Jonathan Seidler’s performance teaches my goosebumps how to grow their own goosebumps.
It’s Wednesday afternoon and I am busy gathering hot goss for this blog. In full sleuth mode, I’m even wearing a trench coat. I’ve snuck into the tech run of It’s A Shame About Ray: Rearranged and I’ve smuggled in a veggie burrito. I am here for three core reasons;
One. I finished reading Jonathan’s book, It’s A Shame About Ray (Allen and Unwin, 2022), on the flight here. In related news, a flight attendant offered me a water, and realised my eyes were a BYO fountain situation.
Two. I have my own in-conversation with Nakkiah Lui on Thursday night, so I’ll be racing to Jonathan’s performance from my book signing, and I wasn’t going to miss a beat. You may spot me rushing in like a passionate fan who skipped the opening band.
Three. Like Jonathan, music made me who I am. The bands I love make my brain feel like a much more survivable place.
Captivated, I stay for two full tech rehearsals. I laugh aloud. I feel grateful I’m not wearing mascara. Jonathan Seidler’s performance teaches my goosebumps how to grow their own goosebumps.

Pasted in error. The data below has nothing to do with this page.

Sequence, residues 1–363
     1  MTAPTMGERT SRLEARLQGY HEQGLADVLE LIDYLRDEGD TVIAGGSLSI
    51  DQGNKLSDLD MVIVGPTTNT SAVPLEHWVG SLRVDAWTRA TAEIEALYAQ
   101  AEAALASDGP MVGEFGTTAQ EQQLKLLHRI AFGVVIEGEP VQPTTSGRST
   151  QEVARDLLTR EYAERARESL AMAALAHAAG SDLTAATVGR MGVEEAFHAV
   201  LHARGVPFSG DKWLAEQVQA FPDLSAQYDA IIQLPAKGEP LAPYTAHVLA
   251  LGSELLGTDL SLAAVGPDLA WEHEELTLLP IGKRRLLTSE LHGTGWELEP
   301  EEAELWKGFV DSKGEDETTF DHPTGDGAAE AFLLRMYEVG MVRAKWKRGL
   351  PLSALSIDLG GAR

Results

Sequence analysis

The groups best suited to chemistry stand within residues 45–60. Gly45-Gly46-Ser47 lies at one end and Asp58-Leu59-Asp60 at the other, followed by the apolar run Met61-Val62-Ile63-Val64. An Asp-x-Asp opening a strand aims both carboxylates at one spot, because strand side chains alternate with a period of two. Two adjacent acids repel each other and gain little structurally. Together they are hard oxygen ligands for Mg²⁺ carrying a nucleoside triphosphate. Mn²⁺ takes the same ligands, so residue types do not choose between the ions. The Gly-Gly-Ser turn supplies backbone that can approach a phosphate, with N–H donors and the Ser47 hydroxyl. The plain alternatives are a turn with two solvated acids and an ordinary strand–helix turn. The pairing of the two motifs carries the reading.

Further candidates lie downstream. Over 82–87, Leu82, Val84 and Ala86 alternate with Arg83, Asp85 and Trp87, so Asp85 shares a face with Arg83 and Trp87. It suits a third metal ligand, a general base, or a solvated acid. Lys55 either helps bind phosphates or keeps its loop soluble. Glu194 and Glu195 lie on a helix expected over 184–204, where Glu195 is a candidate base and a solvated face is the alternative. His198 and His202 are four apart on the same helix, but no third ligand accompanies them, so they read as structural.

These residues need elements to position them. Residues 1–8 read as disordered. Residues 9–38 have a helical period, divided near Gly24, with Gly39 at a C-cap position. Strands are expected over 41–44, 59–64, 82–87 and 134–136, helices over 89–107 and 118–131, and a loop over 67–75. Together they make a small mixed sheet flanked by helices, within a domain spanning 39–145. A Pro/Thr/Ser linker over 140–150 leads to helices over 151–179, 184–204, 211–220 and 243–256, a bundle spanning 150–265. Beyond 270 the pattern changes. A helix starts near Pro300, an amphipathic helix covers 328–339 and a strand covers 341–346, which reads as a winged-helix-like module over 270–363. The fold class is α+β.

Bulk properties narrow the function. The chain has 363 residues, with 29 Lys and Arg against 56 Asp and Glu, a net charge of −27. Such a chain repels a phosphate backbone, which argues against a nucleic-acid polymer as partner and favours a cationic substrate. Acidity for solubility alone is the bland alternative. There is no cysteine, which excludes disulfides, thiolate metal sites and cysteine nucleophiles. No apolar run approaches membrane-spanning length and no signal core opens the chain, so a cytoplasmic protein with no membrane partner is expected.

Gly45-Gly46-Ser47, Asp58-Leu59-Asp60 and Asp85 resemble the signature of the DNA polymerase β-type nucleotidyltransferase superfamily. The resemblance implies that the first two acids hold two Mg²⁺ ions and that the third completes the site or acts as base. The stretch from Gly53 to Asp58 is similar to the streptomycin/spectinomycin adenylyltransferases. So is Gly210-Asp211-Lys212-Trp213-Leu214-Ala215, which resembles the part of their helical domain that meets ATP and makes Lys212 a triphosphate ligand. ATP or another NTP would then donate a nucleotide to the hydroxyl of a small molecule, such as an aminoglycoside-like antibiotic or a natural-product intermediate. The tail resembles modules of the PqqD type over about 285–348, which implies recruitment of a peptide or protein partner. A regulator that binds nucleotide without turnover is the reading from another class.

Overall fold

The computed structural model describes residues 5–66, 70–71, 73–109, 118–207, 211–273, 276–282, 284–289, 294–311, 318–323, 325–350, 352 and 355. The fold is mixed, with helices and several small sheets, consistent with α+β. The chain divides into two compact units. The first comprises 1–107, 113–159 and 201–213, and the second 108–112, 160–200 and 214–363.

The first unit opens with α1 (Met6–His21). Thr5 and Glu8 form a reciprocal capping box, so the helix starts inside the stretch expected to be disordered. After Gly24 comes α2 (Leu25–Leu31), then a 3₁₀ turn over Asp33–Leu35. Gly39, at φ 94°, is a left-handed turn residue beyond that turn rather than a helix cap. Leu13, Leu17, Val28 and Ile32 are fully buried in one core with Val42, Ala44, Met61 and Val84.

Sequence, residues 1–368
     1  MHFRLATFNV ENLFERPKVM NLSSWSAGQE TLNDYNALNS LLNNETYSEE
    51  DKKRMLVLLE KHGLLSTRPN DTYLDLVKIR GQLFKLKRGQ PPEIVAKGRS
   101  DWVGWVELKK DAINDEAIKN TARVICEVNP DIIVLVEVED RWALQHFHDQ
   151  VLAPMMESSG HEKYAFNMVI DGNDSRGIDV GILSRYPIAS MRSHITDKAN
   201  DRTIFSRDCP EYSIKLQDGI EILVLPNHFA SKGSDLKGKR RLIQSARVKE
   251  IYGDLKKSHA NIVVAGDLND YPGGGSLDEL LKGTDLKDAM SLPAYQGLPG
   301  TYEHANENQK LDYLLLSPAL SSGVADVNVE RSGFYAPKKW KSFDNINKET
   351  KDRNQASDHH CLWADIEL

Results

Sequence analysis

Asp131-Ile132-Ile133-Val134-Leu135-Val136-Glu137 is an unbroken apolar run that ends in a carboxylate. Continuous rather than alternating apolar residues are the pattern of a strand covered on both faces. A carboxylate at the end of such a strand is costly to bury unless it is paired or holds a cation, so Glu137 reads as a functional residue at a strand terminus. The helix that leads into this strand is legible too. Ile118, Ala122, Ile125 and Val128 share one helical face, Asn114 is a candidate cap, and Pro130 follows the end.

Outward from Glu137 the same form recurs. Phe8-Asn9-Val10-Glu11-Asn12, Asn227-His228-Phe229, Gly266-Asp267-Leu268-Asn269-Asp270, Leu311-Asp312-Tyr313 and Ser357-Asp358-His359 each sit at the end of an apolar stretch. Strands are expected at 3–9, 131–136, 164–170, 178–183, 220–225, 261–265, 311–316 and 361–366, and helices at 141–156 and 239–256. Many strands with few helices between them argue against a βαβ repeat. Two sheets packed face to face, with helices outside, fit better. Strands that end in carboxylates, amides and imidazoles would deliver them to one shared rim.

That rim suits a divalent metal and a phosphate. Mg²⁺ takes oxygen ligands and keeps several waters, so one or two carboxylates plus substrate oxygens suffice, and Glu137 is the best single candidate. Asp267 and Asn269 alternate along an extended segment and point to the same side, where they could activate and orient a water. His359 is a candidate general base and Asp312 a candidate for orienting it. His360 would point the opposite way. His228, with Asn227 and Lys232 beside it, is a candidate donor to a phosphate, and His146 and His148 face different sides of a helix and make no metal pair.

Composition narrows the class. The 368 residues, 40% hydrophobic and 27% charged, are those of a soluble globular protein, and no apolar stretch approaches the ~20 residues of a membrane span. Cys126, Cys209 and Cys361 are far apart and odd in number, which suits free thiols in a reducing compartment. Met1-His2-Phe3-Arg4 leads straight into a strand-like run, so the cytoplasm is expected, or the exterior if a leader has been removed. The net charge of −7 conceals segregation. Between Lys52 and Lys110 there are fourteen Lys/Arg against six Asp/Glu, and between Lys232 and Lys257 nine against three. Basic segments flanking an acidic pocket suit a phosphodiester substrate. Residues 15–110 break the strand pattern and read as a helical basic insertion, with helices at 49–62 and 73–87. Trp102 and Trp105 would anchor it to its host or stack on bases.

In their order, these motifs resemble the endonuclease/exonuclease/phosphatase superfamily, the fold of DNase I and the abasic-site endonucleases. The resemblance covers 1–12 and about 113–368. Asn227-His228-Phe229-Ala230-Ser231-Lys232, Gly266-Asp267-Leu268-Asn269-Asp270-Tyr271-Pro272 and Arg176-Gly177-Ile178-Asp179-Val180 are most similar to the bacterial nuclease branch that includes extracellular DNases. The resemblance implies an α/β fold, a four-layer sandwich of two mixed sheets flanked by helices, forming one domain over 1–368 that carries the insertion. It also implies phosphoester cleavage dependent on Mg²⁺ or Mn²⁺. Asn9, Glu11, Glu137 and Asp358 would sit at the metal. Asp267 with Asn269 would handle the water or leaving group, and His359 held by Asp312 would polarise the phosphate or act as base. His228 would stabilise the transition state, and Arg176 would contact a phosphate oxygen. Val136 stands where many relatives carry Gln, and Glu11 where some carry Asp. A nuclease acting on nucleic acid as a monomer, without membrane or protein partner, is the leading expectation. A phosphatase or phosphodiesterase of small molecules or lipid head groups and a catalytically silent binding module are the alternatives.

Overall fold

Seidler builds a drum kit. The movements are familiar, comfortable, known. You can tell he’s done this hundreds of times. Simultaneously, he builds a story equally as resonant. In Seidler’s book It’s A Shame About Ray, he writes of the silence surrounding sadness, and he writes about it through the volume of bands like Linkin Park. What was once loud, now has a rhythm, a beat, a microphone placed in front of it (or more specifically today, taped to its face, Britney Spears style).
I’ll finish with a spoiler ...
Jonathan Seidler spends the whole time building the kit, talking to you about what it would mean to hit the drums, what beats he might bring, but then edges you to a peak that never crests. He taps the sticks three times above his head, the audience salivating, on edge, gasped and ready for the release of this pre-emptive drumbeat. We have waited a lifetime for this. Yet Jonathan never hits the drums. The symbol stays as a symbol. Where there could and should be more, there is only an eerie absence. Yet the sense of what could’ve been, is so loud it fills the room, like a memory we all forgot until right now.
-- Madison Godfrey